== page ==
In those days, the German and European scene was mostly about loud bodywork, small deep dish rollerskate wheels and not much in the way of tuning. Older readers will remember this trend being dubbed the ‘Euro-look’, which was really started mainly by the VW guys but quickly adopted across all manner of Fords and also French cars to varying degrees of success! Dirk repaired the bodywork of the Escort and painted it purple – back in the late ‘90s, whereas the UK was full of Citrine Yellow or peppermint green builds rolling on TSW rims, the Europeans tended to go for deep metallics and purple was a popular colour. Resplendent in its new hue, the Escort was driven proudly to various Show and Shine events across Germany, and Dirk made many friends in the scene including with ‘Escort Team Grimma’, which has now disbanded but were once the coolest bunch in central Germany.

A few years of fun cruising to shows, and Dirk was hankering after more power. He found a Mk5 Escort RS2000 which donated its 2.0-litre 16V engine, as well as its power steering and rear disc setup. The RS2000 ‘I4’ engine isn’t commonly tuned in the Ford scene, which is a shame as it’s a robust unit that can kick out over 200bhp when a pair of carbs, cams and a decent exhaust are added to the equation. Dirk had slightly bigger ideas though, and soon had a decompression plate fitted between the head and block to lower compression, in order to handle the turbo that was now sat on a home-made exhaust manifold. The turbo boosted through a home made intercooler and inlet manifold, and was tuned on DTA standalone management. Dirk admits that not only the end result, but his enjoyment of the development process, was the tipping point into an ever-increasing lust for power and speed. His attention had been well and truly turned away from the show scene, and onto the drag racing scene.

As the engine evolved from street blaster to quarter mile racer, the bodywork and interior also evolved from show car to something more serious, with all of the design and build crafted by Dirk’s own fair hands. The engine was forged, the bodywork received wide arches to take fat rubber and the interior was switched from luxurious beige leather to the Alcantara-clad Clubsport style cockpit you see in the pictures today, complete with bucket seats and a plethora of gauges.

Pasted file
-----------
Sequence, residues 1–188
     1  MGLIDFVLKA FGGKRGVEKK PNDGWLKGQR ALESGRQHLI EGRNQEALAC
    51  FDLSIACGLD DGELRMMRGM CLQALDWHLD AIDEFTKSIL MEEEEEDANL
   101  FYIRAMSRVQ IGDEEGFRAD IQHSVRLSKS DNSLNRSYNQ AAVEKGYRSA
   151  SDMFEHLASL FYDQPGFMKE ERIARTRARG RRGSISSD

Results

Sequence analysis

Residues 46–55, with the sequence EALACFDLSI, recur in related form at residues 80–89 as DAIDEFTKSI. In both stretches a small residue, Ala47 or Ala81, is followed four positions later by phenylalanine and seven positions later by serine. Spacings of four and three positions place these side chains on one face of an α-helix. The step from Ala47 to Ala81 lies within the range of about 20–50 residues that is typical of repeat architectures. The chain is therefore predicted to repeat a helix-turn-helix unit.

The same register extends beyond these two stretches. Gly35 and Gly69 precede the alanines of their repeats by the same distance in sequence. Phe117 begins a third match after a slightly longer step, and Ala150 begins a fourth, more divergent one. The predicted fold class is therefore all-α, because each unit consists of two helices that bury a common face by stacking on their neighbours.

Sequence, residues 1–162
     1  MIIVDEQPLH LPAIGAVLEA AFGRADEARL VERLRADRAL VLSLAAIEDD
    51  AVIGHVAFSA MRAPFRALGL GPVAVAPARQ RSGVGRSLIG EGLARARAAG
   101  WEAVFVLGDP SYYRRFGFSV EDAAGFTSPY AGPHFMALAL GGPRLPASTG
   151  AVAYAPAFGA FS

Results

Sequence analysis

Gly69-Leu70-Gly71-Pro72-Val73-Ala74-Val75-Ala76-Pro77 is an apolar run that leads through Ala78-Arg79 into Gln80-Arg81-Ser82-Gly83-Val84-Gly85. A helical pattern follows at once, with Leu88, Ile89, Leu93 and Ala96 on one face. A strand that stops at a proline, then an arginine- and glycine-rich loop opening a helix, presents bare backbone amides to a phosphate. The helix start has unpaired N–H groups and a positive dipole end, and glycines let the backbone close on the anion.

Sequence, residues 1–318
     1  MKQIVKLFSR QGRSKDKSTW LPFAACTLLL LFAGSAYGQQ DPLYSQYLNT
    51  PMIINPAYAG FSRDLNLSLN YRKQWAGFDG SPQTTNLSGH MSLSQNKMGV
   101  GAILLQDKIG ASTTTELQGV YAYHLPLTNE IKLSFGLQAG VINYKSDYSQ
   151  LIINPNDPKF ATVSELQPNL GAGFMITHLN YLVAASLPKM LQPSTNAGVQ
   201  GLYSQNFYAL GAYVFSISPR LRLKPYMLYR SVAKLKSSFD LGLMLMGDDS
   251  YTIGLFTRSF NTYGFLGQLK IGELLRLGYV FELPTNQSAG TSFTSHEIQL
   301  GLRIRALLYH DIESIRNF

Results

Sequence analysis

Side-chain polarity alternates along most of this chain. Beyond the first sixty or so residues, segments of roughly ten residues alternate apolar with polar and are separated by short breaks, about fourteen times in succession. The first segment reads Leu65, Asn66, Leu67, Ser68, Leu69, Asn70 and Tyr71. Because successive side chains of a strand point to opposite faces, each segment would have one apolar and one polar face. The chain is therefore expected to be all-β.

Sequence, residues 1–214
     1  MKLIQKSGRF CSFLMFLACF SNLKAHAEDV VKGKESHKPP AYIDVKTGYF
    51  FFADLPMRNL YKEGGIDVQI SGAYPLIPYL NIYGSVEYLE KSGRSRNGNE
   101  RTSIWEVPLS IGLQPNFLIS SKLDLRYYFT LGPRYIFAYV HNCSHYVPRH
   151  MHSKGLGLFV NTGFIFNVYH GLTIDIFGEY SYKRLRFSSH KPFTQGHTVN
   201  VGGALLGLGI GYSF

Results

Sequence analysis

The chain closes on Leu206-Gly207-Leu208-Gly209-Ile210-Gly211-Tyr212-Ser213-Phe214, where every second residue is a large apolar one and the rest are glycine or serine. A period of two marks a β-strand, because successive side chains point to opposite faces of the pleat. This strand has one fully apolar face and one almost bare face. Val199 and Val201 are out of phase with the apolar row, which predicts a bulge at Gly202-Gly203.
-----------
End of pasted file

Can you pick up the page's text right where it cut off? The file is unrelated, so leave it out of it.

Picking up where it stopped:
Ford Escort Quattro

Some of you may love the looks, some of you may not, but one thing you can’t argue with is the level of workmanship and effort that has gone into it. Some of you may also agree that this kind of old school styling is currently making something of a comeback to the show scene – who remembers the wide arched Reiger Escorts and Astras, or the Dimma Renault 5 Turbos and 205‘s? Well, we’ve seen a few of these ‘nostalgia builds’ coming back and really blowing up the scene in the last couple of years so we have a feeling that Dirk’s Escort is so far back, that it’s way ahead!

Back to the story, and over time Dirk tweaked his Escort and driving style to end up running a best quarter mile time of 12.6 seconds. Even by 2020 standards that’s quick for a front wheel drive car, but back in 2015 it was really fast. However, it seemed that the potential of the I4 engine far outstripped that of the chassis. “The turbo was getting bigger and bigger, and the tuning was getting more and more effective,“ Dirk remembers, “we were on a Garrett GTX3076 by then and the traction was severely beginning to hold us back”. A long, cold German winter gave Dirk the time and space to hatch a plan, which centred around installing 4×4 running gear into the car… but the drivetrain came from an unsuspected source. “I researched lots of options, including Ford,” explains Dirk, “but the Ford ones weren’t very robust – lots of big power VWs and Audis were using the VAG four-wheel drive systems to good effect, so I decided on S3 parts”.

Ford Escort Quattro

Unsurprisingly it took Dirk a lot of fabrication to mount the Audi beams, diffs and gearbox underneath the car, but for a man whose motto is, “it won’t work, does not exist”, it was only a matter of time before the whole lot was working, and working well. He ended up with what is a bulletproof drivetrain straight out of the factory, and enabled Dirk to make the most of an even bigger GTX3582 turbo and turn up the boost. “It is making over 620bhp and 550lb/ft now“ he smiles, “and last year I ran my best time of 9.836 seconds at a terminal speed of 144.9mph!”